Debate started at about 2:30 p.m Wednesday and concluded just before 1 a.m. Thursday. Before the vote finally occurred, the Republican leadership had to defeated 17 amendments and read the entire 251-page bill. Late Wednesday Rep Bob Evans, D-Monticello, demanded the bill to be read. The state Constitution gives any member the right to make that request.
Debate started with the House leadership trying to appease opposition by passing an amendment to remove a loophole that would allow for-profit groups to operate charter schools.
"We are trying to make sure the members like it -- that it is a product of the House," said House Education Chair John Moore, R-Brandon.
At this point, charter school legislation, which has been identified as a priority of the Republican legislative leadership, has passed both chambers in differing forms. The Senate version, though, is much more expansive and work still must be done in the session to reconcile those differences.
Various groups, including the Parents Campaign, a pro education advocacy group, have expressed concerns with "the loophole." Soon after the amendment passed with little debate, Nancy Loome, executive director of the Parents Campaign, voiced support for the House version of the charter school legislation.
Still, it did not curtail debate on charter schools, which receive public funding, but do not have to follow many of the guidelines and governance of traditional public schools. Some opponents again questioned the wisdom of taking funds away from traditional public schools and supporters said charter schools would help improve the overall educational outcomes in the state.
The House bill gives school boards in districts accredited at the A, B and C levels veto authority over charter schools in their districts.
Plus, the bill prevents students from crossing district lines to attend charter schools. Both provisions were supported by the Parents Campaign and the state Board of Education.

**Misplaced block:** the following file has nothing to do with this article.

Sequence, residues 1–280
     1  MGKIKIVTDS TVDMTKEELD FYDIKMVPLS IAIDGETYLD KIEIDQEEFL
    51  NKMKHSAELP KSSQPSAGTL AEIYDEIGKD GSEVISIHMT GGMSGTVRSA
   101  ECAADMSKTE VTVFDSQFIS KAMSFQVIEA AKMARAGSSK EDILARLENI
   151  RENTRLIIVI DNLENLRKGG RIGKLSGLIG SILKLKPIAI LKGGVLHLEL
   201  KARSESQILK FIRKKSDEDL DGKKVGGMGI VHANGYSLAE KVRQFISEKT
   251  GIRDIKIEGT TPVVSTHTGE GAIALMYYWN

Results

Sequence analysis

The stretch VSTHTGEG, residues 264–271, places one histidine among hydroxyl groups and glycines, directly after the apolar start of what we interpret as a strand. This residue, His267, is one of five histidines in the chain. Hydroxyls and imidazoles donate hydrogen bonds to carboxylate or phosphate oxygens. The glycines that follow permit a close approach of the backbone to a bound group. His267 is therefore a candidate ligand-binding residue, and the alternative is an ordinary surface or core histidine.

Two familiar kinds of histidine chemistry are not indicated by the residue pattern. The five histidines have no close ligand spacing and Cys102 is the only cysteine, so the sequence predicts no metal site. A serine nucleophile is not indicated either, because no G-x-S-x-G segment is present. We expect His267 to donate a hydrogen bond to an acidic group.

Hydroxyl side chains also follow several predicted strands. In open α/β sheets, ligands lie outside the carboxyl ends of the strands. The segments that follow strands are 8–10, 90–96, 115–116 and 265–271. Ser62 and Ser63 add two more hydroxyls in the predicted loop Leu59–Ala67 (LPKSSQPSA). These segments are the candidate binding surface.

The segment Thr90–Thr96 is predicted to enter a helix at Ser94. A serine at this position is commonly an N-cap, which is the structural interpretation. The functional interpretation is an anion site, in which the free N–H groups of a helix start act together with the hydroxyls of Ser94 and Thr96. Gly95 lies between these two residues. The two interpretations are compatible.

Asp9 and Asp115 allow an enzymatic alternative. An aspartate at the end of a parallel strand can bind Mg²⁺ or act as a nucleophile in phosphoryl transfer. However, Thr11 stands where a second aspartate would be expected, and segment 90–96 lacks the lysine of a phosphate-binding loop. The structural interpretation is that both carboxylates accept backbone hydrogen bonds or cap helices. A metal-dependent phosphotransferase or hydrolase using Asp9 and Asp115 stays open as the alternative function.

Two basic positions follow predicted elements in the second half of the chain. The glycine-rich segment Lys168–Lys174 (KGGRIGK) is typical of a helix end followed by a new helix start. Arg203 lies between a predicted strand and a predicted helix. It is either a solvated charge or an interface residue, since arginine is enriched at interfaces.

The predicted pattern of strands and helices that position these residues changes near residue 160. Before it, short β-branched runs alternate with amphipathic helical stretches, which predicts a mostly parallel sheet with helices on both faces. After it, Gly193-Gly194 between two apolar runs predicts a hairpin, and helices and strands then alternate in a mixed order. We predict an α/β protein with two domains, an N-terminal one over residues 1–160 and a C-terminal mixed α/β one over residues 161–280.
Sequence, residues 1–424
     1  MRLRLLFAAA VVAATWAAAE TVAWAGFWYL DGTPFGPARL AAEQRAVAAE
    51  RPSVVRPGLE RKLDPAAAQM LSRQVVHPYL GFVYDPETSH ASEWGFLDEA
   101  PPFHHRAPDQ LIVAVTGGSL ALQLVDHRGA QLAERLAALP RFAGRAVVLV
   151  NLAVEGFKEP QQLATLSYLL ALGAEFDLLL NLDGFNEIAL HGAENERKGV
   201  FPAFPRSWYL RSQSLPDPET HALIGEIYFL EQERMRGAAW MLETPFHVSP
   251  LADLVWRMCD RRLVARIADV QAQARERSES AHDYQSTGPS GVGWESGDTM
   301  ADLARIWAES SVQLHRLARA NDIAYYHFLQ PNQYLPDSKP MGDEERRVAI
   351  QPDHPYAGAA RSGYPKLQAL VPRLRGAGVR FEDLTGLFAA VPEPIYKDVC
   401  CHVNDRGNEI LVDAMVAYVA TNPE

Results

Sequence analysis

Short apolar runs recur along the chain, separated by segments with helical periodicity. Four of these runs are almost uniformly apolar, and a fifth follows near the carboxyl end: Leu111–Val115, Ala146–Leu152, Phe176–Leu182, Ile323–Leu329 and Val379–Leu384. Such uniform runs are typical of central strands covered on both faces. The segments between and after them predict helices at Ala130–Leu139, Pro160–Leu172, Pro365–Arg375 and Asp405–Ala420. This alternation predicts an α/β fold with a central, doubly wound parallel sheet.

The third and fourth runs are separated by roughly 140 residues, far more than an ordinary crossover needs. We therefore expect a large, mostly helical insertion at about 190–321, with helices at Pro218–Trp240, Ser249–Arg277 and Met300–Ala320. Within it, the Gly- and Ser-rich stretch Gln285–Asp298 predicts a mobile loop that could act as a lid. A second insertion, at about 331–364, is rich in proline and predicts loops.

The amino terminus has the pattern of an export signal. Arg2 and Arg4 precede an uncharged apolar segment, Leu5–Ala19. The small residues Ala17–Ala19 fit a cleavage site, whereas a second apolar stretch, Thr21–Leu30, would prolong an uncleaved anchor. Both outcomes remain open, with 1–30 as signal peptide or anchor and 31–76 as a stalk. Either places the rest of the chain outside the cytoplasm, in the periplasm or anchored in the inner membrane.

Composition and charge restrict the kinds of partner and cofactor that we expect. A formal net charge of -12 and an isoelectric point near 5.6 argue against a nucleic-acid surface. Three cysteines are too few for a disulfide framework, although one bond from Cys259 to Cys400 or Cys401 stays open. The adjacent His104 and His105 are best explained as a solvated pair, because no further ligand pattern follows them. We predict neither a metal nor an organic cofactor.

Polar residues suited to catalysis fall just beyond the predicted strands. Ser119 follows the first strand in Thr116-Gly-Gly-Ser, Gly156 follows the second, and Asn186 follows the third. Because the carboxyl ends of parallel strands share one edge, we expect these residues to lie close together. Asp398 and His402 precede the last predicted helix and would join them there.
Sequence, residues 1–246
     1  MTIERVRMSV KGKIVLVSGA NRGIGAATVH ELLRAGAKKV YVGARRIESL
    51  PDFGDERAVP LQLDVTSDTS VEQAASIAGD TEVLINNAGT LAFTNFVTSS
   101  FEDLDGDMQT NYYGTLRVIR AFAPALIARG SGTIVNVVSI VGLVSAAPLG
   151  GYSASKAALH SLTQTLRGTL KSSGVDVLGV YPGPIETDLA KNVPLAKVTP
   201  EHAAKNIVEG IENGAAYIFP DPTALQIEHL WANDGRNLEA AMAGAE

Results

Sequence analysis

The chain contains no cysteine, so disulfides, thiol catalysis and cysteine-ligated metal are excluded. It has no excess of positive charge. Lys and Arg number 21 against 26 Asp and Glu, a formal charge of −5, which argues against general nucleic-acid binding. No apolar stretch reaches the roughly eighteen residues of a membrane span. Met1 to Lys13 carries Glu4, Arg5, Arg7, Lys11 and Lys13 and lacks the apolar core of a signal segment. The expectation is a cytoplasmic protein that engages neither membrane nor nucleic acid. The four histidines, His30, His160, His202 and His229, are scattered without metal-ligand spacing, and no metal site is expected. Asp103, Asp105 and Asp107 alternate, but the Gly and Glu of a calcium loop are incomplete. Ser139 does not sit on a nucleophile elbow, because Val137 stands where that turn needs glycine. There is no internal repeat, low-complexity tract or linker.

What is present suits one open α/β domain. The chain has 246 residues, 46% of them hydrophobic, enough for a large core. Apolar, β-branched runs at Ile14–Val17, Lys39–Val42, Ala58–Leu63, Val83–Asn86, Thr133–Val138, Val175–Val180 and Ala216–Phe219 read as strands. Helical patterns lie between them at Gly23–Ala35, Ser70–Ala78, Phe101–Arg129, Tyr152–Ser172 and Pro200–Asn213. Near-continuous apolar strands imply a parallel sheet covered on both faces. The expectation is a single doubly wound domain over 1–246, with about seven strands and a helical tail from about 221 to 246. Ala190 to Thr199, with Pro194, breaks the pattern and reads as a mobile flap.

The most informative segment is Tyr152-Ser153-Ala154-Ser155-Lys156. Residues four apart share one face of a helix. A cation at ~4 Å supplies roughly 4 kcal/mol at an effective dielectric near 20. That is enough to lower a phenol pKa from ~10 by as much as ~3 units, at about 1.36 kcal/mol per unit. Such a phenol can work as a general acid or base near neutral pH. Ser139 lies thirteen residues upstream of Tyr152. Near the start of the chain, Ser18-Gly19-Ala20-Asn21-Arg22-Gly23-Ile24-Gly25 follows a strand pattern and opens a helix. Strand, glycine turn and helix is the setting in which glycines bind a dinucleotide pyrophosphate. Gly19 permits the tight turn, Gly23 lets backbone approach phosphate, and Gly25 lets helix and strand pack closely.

The bill would limit the creation of charter schools to 15 per year unlike the Senate legislation that has no limits.
The Senate proposal also would allow students to cross district lines and would give only A and B districts veto authority.
Both proposals create a separate agency to oversee the charter schools and to authorize them.
Rep. Cecil Brown, D-Jackson, unsuccessfully offered an amendment to remove the new board and put the responsibility of authorizing charter schools with the existing state Board of Education.
"I thought we were supposed to be reducing the size of government instead of increasing it," Brown said.
Moore argued that the state Board had enough to do without tackling the issue of charter schools, plus they would be reluctant to approve charter schools.
Rep. Steve Holland, D-Plantersville, offered an amendment to require full funding of education -- as required by law but ignored by the Legislature -- to occur before charter schools could be enacted.
"Your are starting a whole new system of alleged public education with public dollars and you have absconded on the law," he said.
Rep. Brad Mayo, R-Oxford, said, "Today before us is a tool that empowers devastated students across the state."
Many black members spoke passionately against the bill, saying that efforts should be made to improve the schools for all students -- not just those attending charter schools.